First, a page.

These are two of the hand positions I use for tapping down that bezel.  And I turn that steel plate around as I need it so I can get the best possible leverage.  I am not tapping hard but trying to be accurate.

Don't panic as you are tapping that bezel down.  It's going to look wobbly just like any bezel....just keep taking down the slack with your well placed taps.  And if the stone still moves just keep going, eventually it won't and you will know you are there.

See, I told you we'd get there...it's nice and tight on that stone.
This is it!  The bezel is down nice and tight and I've begun polishing it down with my foredom and a fine silicone polishing disc
And just so you can see how fat a bezel can be and still be laid down easily with this method I've included this example.  It's old and dirty and I got it out of my example box.  The total length of that bezel is 3/4".  The stone is a hematite cab and the bezel is square wire.  It was good and annealed and made into the bezel shape to go around the cab.  After it's soldered down and the cab put in you use the same bezel punches I've showed you and tap around it at an angle and push the wire into the cab.  A quick polish after and it's great.  It traps that cab the same way rubbing a thinner bezel over the lip of the stone works.  Comparatively that bezel on this is huge but it does the job and would look way cool on a ring or on an accent stone on a broach.  You could even pattern the face of the bezel with stamps.  The only draw back to this heavy duty bezel is that you have to pick and choose what kind of stone to use.  There is plenty of tap tap tap with a hammer on the punch to go around and I would never use a stone that couldn't handle the pressure.  For example - skip opal, chrysocolla, labradorite, or anything with a hardness scale that isn't high on the scale or that is prone to splits or cracks.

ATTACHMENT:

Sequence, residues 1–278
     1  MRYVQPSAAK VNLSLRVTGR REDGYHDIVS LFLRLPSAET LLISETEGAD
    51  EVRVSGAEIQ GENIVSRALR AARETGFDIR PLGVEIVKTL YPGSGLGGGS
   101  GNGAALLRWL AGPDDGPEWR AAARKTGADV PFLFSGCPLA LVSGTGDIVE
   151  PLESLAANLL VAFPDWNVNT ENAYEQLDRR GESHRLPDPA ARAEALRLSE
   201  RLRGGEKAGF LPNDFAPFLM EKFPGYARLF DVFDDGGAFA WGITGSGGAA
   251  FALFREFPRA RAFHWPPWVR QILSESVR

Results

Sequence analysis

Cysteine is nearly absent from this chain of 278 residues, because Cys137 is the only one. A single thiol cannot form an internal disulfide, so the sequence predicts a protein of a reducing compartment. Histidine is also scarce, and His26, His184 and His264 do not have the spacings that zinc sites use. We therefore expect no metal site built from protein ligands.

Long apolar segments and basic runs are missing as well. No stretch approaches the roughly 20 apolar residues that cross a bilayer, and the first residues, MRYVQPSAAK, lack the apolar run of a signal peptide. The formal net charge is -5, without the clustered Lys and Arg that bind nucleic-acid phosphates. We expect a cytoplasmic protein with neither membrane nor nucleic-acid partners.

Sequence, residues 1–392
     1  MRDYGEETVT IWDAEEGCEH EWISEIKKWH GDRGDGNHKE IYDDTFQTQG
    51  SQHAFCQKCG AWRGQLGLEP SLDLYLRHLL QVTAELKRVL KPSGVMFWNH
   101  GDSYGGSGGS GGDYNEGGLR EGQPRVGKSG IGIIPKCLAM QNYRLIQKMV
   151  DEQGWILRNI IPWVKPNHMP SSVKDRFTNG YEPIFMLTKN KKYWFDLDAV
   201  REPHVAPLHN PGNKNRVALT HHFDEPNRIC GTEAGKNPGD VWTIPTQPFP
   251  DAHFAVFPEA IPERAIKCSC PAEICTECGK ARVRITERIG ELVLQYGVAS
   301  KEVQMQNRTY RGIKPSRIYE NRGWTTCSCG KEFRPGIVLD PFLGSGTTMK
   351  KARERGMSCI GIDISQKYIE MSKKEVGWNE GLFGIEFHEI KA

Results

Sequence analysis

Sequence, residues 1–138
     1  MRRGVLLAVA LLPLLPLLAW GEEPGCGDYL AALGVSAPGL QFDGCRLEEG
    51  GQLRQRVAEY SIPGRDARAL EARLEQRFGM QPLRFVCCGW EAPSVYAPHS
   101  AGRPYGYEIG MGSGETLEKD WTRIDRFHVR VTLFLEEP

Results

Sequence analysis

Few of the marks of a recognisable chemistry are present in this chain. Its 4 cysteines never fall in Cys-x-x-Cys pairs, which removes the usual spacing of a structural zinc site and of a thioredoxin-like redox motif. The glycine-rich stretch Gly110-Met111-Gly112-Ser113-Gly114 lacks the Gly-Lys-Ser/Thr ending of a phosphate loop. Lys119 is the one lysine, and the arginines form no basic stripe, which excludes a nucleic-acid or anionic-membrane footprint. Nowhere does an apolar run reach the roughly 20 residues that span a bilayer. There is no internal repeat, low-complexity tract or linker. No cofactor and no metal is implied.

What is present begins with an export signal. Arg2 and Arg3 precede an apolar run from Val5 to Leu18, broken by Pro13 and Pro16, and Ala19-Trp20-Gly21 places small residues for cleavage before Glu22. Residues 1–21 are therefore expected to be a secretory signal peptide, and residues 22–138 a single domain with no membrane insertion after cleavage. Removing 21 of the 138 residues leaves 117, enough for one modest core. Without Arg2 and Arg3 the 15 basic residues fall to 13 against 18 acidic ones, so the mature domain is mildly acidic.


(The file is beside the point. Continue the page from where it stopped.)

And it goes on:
Anyway, that’s my method for a thick bezel and I hope it answers any questions everyone might have about it.  Will I ever do a thinner bezel – absolutely.  I’m just about out of that wire, LOL, and it might be time for a few changes in designs.  We’ll see.  

Monday, January 6, 2014

Making Better than Just Do - Do it Yourself

I'd really like to buy one of Lexi Erickson's soldering stations.  They look pretty indestructible and I loved the idea of the turntable top.  You can not believe how much easier it makes things to solder when you can turn the piece, especially if you are soldering around a large joint.  Once the initial heat is applied the flux works like a glue and you can move that turntable around to make sure you've got heat applied everywhere and check to make sure the bezel is down.  That's near to impossible unless you are working on a turntable.  Components will shift and otherwise  make your life miserable after you've set them up if you don't have one. 

I just can not afford one of those stations at the moment.  I'm also not sure I could deal with feeling confined to an area and the soldering station has a lip on it - its a slob kind of thing but I tend to put certain things way out to the left or right.  You know - soldering pick on the left/ magnetic torch catch to the right....and so on.  Maybe I'm just to old to change certain habits but that turntable was too nifty to do without.

Here is my solution to the dilemma.  I went to the place with the helpful hardware people (ACE) and bought a 4" ball bearing turntable.  They had them in much larger sizes but I didn't really need anything larger.  It's jewelry - how big do you need? 

4" turntable (a whooping $5.00) and a 6" square solderite pad (well used!)